Another weekend, another “you want to jump on this immediately on Monday morning!” email from the Motley Fool. Thankfully, this isn’t a microcap name they’re teasing, and they’re promoting a high-cost service, which means there won’t be 10,000 people rushing to buy today… so there’s probably no reason to rush, and we can take a moment to think it over.
But first, of course, we have to identify which stock it is they’re talking about.
The ad came in starting on Saturday, and the part that caught our readers’ attention was that ’85X potential’ bit, naturally enough. So what’s the spiel?
They’re selling subscriptions to one of their “Extreme Opportunities” services, which are focused portfolios designed for a particular trend — this one is called Augmented Reality and Beyond, so I assume that this is an updated name for the Motley Fool Extreme Opportunities: AR service that they started pitching back in 2019. They’re currently charging $1,499, nonrefundable.
This service was talked up under Eric Bleeker’s name a couple years ago, but the headliner today is Jason Moser, whose name I don’t think I’ve come across before. This is what the ad says…
“I’m so excited to share that earlier this morning, my good friend Jason Moser released a stock recommendation to members of Extreme Opportunities: Augmented Reality and Beyond that has never before been recommended by any service at The Motley Fool.”
And then we get to the best part, the clues they drop about this new recommendation — here’s the section where they throw in our hints:
“There’s lots to be excited about this stock….
“Small and underfollowed (with a market cap less than 1/150th the size of Amazon), but we think it has simply incredible upside potential….
“This stock’s first VR foray targets a growing niche experts believe could be worth $46 billion — 85x the company’s annual revenue….
“Multiple paths to massive growth. In addition to the huge VR opportunity, the company estimates that they still have between 80% and 90% of market share to seize in their core markets – so, plenty more opportunity to unlock. I love companies with multiple pathways to grow, because when they fire on all cylinders they can drive simply incredible results.”
If the clues are at all accurate, then these are the numbers we’re dealing with — they say this stock is “less than 1/150th the size of Amazon,” and “size” would generally mean “market capitalization” to the Motley Fool. So that means the market cap is somewhere in the $0-$10 billion range — probably between $8-10 billion, since they could have said “less than 1/200th” under $8 billion. It’s hard for me to call $10 billion “small,” but I guess everything is relative.
And we’re told that the “growing niche” that has something to do with virtual reality could be worth $46 billion… and that this would be 85X the company’s annual revenue. Assuming they mean the company’s current annual revenue, that would mean revenues as of now are in the neighborhood of $500 million, I’ll give it a pretty broad range of $450-550 million.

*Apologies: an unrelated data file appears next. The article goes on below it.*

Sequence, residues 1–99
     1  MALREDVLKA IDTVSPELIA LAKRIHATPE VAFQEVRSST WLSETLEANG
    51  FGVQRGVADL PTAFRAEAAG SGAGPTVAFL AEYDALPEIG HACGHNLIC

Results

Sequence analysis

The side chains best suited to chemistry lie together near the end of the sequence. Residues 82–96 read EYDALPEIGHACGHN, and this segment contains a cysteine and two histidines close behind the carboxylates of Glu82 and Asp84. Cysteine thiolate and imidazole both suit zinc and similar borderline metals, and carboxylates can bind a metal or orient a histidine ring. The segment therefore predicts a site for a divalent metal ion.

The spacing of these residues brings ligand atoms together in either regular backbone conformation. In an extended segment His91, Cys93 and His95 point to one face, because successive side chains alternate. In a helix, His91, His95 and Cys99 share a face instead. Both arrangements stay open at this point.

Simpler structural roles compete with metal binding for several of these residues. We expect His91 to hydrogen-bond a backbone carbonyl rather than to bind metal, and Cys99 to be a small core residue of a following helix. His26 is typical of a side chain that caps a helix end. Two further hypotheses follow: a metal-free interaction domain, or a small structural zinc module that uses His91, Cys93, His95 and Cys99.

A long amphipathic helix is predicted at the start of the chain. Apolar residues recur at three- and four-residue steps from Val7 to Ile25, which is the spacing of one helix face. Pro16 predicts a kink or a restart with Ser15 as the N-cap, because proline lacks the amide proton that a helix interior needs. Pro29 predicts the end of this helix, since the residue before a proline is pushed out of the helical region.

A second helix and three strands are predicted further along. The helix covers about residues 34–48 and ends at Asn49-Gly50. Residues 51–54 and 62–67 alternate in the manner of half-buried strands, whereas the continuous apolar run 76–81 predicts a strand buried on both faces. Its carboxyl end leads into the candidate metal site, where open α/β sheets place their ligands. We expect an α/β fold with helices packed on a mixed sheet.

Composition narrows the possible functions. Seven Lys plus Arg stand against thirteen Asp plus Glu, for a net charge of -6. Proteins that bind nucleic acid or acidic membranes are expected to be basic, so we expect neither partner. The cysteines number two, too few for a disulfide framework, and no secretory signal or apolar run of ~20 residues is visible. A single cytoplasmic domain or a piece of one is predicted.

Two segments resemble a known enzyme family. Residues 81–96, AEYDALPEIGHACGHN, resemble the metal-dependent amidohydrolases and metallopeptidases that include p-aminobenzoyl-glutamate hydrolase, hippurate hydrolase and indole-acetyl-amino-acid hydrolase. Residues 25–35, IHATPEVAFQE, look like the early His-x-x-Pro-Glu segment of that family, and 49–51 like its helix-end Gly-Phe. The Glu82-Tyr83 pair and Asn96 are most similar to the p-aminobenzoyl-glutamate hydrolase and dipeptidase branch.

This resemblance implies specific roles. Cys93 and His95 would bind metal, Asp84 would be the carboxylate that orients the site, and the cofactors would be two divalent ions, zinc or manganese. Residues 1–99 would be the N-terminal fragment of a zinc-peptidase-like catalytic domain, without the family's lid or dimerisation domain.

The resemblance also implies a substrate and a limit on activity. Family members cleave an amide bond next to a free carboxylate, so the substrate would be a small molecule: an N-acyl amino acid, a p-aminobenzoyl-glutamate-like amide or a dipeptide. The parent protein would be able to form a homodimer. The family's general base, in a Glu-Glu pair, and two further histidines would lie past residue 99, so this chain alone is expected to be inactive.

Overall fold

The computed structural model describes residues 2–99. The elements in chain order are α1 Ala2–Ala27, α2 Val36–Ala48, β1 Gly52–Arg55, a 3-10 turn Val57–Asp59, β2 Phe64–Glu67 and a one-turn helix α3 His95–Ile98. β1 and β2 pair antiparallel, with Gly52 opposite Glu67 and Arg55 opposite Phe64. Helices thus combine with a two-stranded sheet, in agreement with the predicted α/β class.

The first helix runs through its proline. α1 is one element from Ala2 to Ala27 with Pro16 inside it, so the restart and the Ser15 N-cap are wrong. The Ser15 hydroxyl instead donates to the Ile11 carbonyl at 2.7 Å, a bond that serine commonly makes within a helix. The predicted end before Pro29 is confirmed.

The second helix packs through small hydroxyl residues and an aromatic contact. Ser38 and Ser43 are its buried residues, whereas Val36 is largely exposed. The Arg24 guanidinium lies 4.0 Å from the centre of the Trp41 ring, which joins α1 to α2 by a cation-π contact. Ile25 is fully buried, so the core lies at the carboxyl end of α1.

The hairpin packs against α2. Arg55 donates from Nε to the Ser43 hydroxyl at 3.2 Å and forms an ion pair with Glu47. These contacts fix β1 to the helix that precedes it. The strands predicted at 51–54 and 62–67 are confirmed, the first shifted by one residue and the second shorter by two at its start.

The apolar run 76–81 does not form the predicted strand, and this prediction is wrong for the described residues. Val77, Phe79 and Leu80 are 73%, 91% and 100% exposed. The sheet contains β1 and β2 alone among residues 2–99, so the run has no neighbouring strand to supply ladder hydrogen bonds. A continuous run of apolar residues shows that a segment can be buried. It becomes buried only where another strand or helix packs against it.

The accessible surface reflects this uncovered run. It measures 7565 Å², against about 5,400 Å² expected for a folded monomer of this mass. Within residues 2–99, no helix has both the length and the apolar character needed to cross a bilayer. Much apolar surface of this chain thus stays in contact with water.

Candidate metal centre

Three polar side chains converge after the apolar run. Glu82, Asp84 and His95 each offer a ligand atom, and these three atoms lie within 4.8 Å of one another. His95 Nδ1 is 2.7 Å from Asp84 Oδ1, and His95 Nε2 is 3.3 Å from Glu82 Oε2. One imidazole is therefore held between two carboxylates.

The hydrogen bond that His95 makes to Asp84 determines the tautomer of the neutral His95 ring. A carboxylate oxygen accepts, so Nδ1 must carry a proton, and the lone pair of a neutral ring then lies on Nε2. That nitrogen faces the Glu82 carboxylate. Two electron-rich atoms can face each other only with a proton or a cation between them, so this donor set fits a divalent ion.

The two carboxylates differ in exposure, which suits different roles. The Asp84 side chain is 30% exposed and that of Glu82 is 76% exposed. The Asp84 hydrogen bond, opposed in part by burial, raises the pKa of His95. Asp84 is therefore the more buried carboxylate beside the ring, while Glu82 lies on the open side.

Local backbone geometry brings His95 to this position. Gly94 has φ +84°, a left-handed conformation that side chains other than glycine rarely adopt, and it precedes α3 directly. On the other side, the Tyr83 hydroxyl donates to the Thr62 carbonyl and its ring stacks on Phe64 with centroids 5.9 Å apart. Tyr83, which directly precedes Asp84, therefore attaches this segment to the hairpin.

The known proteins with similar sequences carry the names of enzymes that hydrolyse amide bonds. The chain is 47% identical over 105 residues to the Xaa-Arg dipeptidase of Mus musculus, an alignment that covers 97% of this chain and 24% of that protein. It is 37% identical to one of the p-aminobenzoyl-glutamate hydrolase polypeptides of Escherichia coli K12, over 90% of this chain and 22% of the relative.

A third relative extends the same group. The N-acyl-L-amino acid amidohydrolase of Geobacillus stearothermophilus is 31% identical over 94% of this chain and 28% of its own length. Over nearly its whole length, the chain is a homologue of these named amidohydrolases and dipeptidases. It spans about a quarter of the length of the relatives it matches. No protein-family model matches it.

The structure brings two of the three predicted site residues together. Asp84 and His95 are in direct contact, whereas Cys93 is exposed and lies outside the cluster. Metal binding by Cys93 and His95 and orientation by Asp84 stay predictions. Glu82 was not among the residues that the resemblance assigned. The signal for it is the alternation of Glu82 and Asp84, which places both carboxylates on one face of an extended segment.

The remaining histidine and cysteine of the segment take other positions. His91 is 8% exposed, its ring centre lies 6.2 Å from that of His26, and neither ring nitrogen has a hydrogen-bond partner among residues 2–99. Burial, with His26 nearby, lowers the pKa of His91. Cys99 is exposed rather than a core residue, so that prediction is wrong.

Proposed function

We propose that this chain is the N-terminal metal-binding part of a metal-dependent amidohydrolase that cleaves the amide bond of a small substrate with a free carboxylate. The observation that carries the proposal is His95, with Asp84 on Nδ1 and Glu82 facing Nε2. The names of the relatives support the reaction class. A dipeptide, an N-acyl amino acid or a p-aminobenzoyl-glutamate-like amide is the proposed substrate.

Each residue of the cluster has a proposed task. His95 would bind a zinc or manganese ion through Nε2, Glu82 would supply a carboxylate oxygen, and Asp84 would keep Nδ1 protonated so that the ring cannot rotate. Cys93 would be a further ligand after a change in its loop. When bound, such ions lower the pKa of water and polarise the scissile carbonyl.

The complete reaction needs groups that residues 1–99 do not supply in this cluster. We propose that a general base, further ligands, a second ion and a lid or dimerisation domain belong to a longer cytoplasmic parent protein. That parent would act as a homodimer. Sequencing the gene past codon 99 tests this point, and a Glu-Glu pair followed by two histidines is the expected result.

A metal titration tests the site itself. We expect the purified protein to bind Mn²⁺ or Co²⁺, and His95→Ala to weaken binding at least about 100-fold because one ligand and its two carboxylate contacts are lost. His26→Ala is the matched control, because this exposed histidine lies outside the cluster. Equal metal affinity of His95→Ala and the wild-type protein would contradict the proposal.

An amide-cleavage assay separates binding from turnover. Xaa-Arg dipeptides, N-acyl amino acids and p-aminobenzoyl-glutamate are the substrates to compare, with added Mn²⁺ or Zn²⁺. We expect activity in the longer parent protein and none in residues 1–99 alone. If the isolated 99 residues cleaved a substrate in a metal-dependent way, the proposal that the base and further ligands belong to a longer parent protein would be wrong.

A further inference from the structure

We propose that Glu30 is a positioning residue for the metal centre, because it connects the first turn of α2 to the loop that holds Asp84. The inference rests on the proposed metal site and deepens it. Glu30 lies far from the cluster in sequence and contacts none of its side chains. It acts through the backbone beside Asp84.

And the Fool says they “have between 80-90% of market share” to still be seized in their core markets. And that it has not been recommended by the Motley Fool before.
So what are we dealing with here? The best match for those criteria (sector/AR focus, market cap and revenue) is Penumbra (PEN), which is a $9.4 billion company today with trailing revenue of $539 million over the past four quarters. It’s a medical device company, primarily known for various catheter-related products for treating strokes and blood clots, and it is not yet a virtual reality stock, not in any real way (none of that $539 million in revenue is from virtual reality products)… but they do have a new virtual reality product that’s starting to gather some steam, and they intend to build it into a major line fo business. It’s also a stock that as of last month, at least, was not a Motley Fool recommendation, per their disclosures.
And the stock is also a “battleground stock” between shorts and longs, for those who are excited about “high short ratio” stocks — it went public about five years ago and has had two points in its relatively short life when the stock had a short ratio above 20%, both back in mid-2019, when it was being criticized by short sellers as a one-trick pony that was losing market share (Spruce Point’s report from July, 2019 sums up that short case), and more recently, just a couple months ago, when they got hit with fraud/dangerous product allegations from another short seller (mostly Quintessential Capital Management, positing that their scientific research was authored by a fake person, which Penumbra refuted), which was a really odd exchange… but it also requires some thought from investors, because there was actually a safety concern with one of Penumbra’s new products, and that resulted in a voluntary recall of that product just a week or two later.
I don’t know anything about Quintessential Capital Management, but they also did get Marc Cohodes on board with a short attack on Penumbra before this recall, focused mostly on the “dangerous product” allegation, and he’s certainly not infallible but I’d never enjoy being on the other side of one of his trades. He’s a bulldog. I don’t know if he’s still short, or if the recall and the impact on the stock price was his objective, and I actually don’t even know if his short/fraud allegations went beyond that one product which was recalled.
The company primarily sells a variety of systems and parts for vascular and neurological procedures, with stroke treatment the single leading product area but some meaningful growth in their various clot-removal devices. It was one of those devices, their latest Jet 7 Extra Flex catheters, that they recalled. If the Motley Fool is pitching this as a Virtual Reality play, it’s because of their REAL system, which is primarily being used right now for rehab for stroke victims but has, they believe, substantially more potential.